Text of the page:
While in Congress, DeSantis also cosponsored and/or voted for the full range of conservative priorities, including the REINS Act, Kate’s Law, right to work, concealed carry reciprocity, defunding Planned Parenthood, reforming the Veterans Administration, withholding funding from the United Nations’ “Human Rights” Council and climate agenda, and letting states opt out of No Child Left Behind, as well as backing enough tax and spending cuts to earn the title of “Taxpayer Super Hero” from Citizens Against Government Waste.
Additionally, during his House tenure DeSantis distinguished himself as willing to call out establishment GOP leaders such as Trump’s onetime friend and ally Paul Ryan for ducking the fights that needed to be fought. In April 2016, DeSantis was among the Republicans pushing to impeach IRS commissioner John Koskinen over the agency’s targeting of conservative Americans for political persecution.
“I think what’s holding it back, I think the leadership is worried about being criticized by inside the Beltway media and stuff,” DeSantis told Breitbart at the time. “We are going to try to force the issue potentially in a way that at least people have to go on the record […] I think the American people are so sick of, you know, government imposes all these rules on them and if they run afoul to it there are consequences, yet, the people in positions of power, they are never held accountable and that just cannot last.”
DeSantis was also among the conservatives who recognized that the House GOP’s Ryan-backed first stab at an Obamacare replacement wasn’t good enough because it, as he said, “retain[ed] the core features of Obamacare.” Trump, by contrast, attacked the DeSantis wing of the party for holding out for a better bill, because Trump just wanted to sign something he could take credit for. Patient attention to detail: what a concept!
He Fights! …Competently
Some of Trump’s greatest strengths, we were told, were his ability to stick it to the Left rhetorically, his talent for channeling and reflecting the perennially-neglected feelings of the GOP base, his knack for speaking bluntly in a way that was both entertaining and free of the faux civility that defines most of the stuffed-shirt Republicans in national office. And that was all true, as far as it went…it just didn’t go far enough to win a second term, #BuildTheWall, #DrainTheSwamp, #StopTheSteal, #LockHerUp, or get Congress to go along with any of the other legislative objectives we elected him for.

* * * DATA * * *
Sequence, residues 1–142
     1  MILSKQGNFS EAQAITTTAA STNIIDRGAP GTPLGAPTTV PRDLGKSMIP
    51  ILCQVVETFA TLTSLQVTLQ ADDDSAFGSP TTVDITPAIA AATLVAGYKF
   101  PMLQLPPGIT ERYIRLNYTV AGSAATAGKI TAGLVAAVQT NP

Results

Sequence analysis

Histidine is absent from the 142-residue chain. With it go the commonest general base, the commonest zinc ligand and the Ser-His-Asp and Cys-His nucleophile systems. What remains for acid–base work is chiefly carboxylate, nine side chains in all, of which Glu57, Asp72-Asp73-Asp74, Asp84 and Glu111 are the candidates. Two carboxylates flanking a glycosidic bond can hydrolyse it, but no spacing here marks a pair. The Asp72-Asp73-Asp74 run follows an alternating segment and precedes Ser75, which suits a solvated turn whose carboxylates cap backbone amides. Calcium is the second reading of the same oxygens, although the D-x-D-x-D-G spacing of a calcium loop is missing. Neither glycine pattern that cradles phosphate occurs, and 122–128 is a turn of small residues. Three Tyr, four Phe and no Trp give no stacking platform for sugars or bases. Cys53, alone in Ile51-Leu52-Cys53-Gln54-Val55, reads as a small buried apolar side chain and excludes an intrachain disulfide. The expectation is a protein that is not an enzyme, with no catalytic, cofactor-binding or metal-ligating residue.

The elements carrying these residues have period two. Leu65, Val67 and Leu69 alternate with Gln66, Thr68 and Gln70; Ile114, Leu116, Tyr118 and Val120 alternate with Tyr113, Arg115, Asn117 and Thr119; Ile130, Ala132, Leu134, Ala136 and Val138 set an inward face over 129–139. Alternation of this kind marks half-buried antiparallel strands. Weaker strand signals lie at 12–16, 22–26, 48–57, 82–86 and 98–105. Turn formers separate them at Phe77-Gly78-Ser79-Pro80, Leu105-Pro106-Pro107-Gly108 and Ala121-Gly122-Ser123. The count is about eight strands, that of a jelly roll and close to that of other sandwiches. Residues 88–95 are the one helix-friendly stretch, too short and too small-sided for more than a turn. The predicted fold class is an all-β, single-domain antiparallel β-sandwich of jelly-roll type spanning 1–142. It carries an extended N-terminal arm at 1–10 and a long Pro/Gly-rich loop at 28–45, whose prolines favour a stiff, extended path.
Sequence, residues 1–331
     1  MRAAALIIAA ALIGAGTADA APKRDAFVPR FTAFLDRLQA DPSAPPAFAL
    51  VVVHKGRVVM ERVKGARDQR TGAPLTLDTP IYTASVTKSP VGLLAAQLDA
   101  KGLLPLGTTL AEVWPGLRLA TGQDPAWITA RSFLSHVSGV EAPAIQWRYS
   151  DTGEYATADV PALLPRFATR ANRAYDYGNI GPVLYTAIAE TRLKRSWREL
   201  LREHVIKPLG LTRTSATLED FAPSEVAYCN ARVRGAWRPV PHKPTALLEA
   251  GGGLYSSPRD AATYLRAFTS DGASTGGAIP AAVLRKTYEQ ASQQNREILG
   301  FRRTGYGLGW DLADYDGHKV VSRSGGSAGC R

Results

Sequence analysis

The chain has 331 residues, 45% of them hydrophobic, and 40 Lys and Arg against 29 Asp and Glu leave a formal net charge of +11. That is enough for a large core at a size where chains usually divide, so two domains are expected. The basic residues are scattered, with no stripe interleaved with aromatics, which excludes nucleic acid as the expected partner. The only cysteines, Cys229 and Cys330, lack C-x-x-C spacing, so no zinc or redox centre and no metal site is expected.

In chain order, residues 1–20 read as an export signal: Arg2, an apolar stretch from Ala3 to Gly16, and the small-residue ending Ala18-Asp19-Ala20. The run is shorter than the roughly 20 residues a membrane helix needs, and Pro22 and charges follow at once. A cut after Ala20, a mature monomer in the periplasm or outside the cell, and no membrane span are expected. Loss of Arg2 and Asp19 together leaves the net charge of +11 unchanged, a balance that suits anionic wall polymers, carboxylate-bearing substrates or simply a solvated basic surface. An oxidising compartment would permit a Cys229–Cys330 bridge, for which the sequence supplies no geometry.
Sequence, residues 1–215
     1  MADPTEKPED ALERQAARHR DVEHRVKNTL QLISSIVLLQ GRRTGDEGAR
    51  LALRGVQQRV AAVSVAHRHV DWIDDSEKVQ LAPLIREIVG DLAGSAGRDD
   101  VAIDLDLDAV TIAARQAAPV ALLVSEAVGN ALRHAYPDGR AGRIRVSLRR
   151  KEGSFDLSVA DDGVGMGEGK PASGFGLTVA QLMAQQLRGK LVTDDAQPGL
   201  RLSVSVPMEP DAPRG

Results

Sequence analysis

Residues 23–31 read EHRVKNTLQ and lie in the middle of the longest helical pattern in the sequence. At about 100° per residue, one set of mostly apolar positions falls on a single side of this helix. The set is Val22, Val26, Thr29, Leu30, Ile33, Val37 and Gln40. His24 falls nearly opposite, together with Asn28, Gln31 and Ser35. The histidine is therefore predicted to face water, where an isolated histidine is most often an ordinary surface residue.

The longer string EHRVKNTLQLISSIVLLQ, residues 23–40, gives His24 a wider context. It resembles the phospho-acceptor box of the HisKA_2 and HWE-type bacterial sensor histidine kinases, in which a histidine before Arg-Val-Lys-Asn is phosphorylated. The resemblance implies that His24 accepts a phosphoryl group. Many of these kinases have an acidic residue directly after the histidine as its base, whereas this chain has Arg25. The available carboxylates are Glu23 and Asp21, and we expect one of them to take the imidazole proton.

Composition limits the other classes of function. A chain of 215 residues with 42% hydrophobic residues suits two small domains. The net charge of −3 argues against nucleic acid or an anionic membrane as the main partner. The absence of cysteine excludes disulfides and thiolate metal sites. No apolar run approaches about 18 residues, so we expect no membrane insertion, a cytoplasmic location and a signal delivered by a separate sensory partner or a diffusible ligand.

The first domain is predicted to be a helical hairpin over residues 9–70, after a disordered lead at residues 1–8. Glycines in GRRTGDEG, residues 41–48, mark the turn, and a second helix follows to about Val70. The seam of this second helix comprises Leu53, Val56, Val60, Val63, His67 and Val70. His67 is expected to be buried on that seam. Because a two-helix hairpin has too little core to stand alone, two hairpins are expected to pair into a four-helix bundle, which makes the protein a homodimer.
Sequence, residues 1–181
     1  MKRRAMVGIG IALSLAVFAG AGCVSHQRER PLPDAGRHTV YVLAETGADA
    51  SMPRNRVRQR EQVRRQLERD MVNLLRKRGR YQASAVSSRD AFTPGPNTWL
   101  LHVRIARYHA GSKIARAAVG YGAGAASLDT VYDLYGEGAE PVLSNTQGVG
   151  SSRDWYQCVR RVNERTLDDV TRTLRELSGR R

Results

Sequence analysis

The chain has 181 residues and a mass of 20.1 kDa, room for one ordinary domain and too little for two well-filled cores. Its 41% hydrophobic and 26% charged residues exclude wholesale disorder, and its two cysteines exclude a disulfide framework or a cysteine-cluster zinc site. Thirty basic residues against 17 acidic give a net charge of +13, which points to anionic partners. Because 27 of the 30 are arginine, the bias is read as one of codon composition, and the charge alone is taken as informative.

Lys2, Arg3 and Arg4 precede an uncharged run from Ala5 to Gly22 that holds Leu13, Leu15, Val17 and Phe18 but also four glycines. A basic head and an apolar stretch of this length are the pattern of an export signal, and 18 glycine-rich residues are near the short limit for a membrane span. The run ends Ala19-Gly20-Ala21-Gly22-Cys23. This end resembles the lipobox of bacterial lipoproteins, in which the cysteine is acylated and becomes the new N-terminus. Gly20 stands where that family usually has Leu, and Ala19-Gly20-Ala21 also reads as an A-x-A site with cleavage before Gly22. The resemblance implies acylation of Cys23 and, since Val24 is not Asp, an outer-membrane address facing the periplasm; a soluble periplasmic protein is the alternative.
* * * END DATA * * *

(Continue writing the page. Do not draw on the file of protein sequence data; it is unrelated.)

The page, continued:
There are two basic reasons for that: because lacking a filter can be a double-edged sword, leaving one just as likely to say stupid, self-damaging things as to speak harsh truths; and because talking a good game is no substitute for the principles, knowledge, and skills needed to translate words into action.
Fortunately, here too DeSantis runs circles around Trump. In public appearances he regularly displays a clear, conversational style that makes the issues easy to understand, reveals a strong command of the facts, forcefully frames the stakes and identifies the guilty parties in our current debates, and eviscerates fake news more effectively than Trump ever did…and all without making a fool of himself, generating distractions from the objective, or sparking endless inane arguments about taking him “seriously versus literally”:
Whereas Trump impotently blustered about media outlets’ ratings while repeatedly giving prestigious liberal reporters in-depth interviews, DeSantis effectively conveys how little respect the corporate media really deserves, from treating conservative and alternative outlets as the legitimate press while branding dishonest mainstream outlets as smear merchants to be shunned.
Add it all up, and you have a rare political talent capable of turning a razor-thin victory into a nearly-twenty-point landslide reelection in the most populous swing state in the nation, complete with inroads among historically Democrat-supporting areas and ethnic groups—all while selling undiluted conservatism. It would be political malpractice of the highest order not to apply that talent nationally.